Sgt. Ray Harley of the Crescenta Valley Sheriff’s Station said that the frequency of catalytic converter thefts fluctuates, but some areas in town are hit harder than others.
“Well, there’s no pattern in terms of when they’re happening, but there is a pattern, in terms of where they’re happening,” Harley said.
Harley cited the Crescenta-Cañada YMCA parking lot at 1930 Foothill Blvd. and the medical offices parking lot at 1346 Foothill Blvd. as the two most common locations for these thefts in La Cañada Flintridge.
Surprisingly, six of the seven recent thefts occurred during daylight hours. Harley said that cordless power tools have made stealing a catalytic converter a matter of minutes, which means less chance to get caught.
“These things are easy to remove,” said Harley. “Now these guys have cordless reciprocating saws, and can just cut these babies out in no time and all.”
Harley said that the thieves generally work in teams of two to four people, with part of the crew serving as a lookout while the others work on removing the converters.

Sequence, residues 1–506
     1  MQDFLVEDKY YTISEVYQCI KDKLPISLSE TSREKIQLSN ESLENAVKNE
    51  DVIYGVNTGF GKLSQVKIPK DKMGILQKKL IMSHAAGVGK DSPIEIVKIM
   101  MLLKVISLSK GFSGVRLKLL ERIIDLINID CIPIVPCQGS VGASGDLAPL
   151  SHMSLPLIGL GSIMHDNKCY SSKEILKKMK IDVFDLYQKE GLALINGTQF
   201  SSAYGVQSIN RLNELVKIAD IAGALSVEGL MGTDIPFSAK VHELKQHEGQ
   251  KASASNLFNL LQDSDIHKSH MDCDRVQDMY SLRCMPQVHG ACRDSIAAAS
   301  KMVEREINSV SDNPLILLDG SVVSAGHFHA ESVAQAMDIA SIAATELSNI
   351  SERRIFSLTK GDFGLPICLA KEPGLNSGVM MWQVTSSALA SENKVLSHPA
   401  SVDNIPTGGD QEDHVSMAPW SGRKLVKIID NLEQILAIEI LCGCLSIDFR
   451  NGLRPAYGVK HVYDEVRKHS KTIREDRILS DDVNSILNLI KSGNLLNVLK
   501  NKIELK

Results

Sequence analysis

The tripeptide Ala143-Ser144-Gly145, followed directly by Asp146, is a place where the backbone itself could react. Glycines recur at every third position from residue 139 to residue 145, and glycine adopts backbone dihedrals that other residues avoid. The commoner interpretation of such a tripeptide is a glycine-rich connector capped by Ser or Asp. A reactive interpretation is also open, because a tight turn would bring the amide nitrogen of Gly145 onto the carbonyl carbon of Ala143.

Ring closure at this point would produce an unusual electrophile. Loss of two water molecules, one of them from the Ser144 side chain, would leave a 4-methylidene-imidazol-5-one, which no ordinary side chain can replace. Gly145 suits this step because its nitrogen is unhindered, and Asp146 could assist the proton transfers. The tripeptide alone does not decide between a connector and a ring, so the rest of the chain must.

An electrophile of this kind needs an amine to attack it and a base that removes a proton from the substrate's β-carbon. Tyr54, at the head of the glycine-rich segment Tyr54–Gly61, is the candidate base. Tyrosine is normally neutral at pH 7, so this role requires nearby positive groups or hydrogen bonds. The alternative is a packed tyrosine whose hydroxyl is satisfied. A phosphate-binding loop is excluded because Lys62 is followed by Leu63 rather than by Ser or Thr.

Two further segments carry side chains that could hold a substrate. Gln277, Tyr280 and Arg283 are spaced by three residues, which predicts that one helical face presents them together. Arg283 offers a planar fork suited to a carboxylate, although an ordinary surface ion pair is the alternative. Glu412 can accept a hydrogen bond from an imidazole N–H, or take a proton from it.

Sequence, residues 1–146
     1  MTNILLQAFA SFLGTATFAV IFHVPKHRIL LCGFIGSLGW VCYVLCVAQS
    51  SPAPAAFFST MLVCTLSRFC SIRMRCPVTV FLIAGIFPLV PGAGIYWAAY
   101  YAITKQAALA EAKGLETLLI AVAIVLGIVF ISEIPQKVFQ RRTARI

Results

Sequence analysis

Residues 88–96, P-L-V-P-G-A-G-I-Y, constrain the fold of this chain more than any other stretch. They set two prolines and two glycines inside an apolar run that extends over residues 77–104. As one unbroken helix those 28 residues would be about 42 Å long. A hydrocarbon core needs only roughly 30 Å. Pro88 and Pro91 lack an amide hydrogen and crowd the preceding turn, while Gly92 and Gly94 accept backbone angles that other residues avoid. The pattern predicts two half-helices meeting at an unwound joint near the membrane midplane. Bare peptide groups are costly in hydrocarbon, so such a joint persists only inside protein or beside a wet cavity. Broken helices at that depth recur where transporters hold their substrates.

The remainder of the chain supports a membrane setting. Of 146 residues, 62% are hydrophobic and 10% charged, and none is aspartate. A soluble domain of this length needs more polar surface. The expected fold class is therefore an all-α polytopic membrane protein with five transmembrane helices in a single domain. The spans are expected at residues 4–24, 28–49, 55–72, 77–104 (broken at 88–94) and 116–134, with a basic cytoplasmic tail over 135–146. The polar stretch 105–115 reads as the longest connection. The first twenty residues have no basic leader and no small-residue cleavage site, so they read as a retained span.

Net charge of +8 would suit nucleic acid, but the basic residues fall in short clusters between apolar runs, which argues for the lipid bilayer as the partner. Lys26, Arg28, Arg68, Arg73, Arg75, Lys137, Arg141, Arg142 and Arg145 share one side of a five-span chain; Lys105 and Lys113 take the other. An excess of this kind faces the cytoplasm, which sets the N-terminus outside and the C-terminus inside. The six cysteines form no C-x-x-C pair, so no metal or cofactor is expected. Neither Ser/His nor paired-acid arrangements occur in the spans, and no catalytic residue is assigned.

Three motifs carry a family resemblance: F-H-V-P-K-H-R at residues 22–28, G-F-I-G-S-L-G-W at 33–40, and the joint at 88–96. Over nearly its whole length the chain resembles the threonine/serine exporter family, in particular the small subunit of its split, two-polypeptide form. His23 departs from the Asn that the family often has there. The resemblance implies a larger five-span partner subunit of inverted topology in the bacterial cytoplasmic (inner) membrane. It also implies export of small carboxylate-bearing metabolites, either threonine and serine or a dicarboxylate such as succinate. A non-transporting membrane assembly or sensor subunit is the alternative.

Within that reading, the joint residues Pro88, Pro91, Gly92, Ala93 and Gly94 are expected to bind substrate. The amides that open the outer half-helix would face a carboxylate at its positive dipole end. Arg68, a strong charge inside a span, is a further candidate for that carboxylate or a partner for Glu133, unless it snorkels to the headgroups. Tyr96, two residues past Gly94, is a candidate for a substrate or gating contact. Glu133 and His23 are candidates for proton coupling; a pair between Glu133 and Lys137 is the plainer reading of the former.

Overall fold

In addition to watching out for police, lookouts can also provide cover to passersby who might unwittingly witness the theft.
I think it’s easy enough for these guys to play it off and appear as though they’re working on a car,” Harley said. “There’s no window smashing going on and somebody reaching in and grabbing stuff.”
Dan Monroe, president of C&M Metals in Los Angeles, said that the higher quality the converter, the greater the scrap value. The converters in Toyotas frequently are targeted. Four of the seven recent thefts involved Toyotas.